Once you've made this list, keep it part of your content workflows so that it's being used and updated. One advantage of having this as an explicit document is that you can then share it with other teams and departments so that they, in turn, know when they need to let you know that they've released a bug fix or launched a new marketing campaign.

Know WHICH documentation you need to update using metadata...

With that list of triggering events in hand, you can then audit your documentation to add metadata relevant to those events so you know which documents specifically need updating.

Metadata exists for a reason: it's information about your docs. Review what your content authoring tools offer you in terms of metadata and use it to your advantage. Evaluate if the tool you're using provides you with a quick way to run reports or lists of your content filtered by that metadata.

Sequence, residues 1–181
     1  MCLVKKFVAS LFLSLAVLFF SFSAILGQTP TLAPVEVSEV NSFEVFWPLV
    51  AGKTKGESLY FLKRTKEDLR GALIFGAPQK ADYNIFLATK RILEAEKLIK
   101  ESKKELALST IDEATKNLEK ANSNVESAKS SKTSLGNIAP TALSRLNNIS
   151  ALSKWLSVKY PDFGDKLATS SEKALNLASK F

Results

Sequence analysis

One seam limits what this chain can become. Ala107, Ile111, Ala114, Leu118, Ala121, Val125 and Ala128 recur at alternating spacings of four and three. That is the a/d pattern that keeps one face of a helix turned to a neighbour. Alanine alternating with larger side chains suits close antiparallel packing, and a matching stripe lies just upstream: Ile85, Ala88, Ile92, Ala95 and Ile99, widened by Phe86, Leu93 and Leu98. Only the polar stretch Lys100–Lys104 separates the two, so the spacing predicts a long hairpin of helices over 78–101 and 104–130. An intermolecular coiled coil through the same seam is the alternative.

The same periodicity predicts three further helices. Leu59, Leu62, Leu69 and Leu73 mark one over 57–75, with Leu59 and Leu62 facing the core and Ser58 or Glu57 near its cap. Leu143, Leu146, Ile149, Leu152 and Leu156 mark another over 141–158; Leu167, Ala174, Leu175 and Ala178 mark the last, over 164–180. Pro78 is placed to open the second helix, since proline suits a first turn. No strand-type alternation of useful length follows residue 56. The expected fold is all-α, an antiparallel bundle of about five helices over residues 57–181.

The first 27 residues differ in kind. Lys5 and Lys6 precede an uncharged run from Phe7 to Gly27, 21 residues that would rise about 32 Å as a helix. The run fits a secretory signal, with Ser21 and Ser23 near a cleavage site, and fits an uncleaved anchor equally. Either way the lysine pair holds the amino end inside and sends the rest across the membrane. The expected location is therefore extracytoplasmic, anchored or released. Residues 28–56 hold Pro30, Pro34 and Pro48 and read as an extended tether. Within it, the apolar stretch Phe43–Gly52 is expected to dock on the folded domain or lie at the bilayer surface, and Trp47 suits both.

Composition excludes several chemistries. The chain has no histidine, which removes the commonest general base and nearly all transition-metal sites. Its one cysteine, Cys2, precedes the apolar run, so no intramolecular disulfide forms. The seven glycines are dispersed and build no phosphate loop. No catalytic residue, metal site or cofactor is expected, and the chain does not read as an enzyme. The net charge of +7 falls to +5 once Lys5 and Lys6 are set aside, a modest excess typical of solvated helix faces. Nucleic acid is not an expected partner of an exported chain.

What you're looking for is a metadata field (or fields) that will allow you to link your content to the triggering events you identified, so you can clearly say: if [real world condition x ] happens, this piece of content needs to be updated. The specifics of how you'll structure this depend on what kinds of knowledge you're capturing.

This metadata field should be something you can easily get at through queries, filters, or exports. So, for example, if your HR policy changes, and you've stored hr-policy as a piece of metadata, you should be able to pull a list of all content with the hr-policy metadata.

Note: you may need to repurpose a metadata field intended for something else, or make some tweaks to hide that metadata field from your end-users' view. Don't be shy--it's worth it!

...and workflow/process

Once you identify metadata fields that you can leverage, make populating and updating those fields part of every content creation/publication/update process you have. 

Trust me--once you or your writers see how useful they are and how much time they can save, you'll all probably volunteer to populate those fields!

A real-life example

Let me walk you through how I use this process. Since I write support documentation for KnowledgeOwl, I'll use that as an example. (So meta.)

My triggering event + impacted elements